The conditions of membrane preparation and removing templates and unreacted monomers determine to a large extent the sensor reproducibility. For regeneration of the imprinted polymers after the measurements, the membranes were washed in organic solvents such as absolute alcohol. Due to membrane thickness, the washing procedure required more than 10 h for obtaining a full recovery of the polymers.

The stability of membrane has been investigated by repeating measurement of the sensor responses for isoproturon during 2 months. It has been found that template membrane can be stored at room temperature in buffer solution for 2 months without showing any loss in sensitivity. The selectivity of the imprinted polymers seems to be governed by number and nature of interaction between substrate and polymer stationary phases, as well as by the shape of the print molecule and cavities in the polymers. The nature of observed sensor responses might be explained by an assumption that interaction between the template molecule with the polymeric domain results in a conformational reorganization of the polymeric structure, affecting the diffusion of coand counter ions.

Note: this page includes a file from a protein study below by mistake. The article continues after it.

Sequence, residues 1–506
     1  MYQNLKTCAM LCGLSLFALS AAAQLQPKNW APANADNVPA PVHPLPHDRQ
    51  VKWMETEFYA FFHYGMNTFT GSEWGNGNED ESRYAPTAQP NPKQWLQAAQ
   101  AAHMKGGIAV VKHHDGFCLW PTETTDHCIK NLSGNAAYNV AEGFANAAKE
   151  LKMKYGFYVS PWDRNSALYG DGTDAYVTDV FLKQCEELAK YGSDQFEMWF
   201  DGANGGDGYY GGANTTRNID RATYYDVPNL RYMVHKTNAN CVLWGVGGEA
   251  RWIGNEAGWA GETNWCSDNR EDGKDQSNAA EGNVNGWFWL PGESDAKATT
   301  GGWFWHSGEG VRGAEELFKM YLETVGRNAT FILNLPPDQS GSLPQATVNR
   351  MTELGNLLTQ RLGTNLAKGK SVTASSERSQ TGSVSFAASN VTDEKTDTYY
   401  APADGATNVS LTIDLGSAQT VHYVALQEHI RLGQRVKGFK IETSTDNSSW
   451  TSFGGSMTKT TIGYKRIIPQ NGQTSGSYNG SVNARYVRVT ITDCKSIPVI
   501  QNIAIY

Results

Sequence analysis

For preparation of highly specific imprinted polymers, the formation of stable complexes between the templates and their functional monomers in the reaction mixture is crucial and must be preserved in the resulting polymers. Covalent and noncovalent interactions fix the template

Figure 7. Selective sensitivity of isoproturon with structurally related diuran and monouran compounds.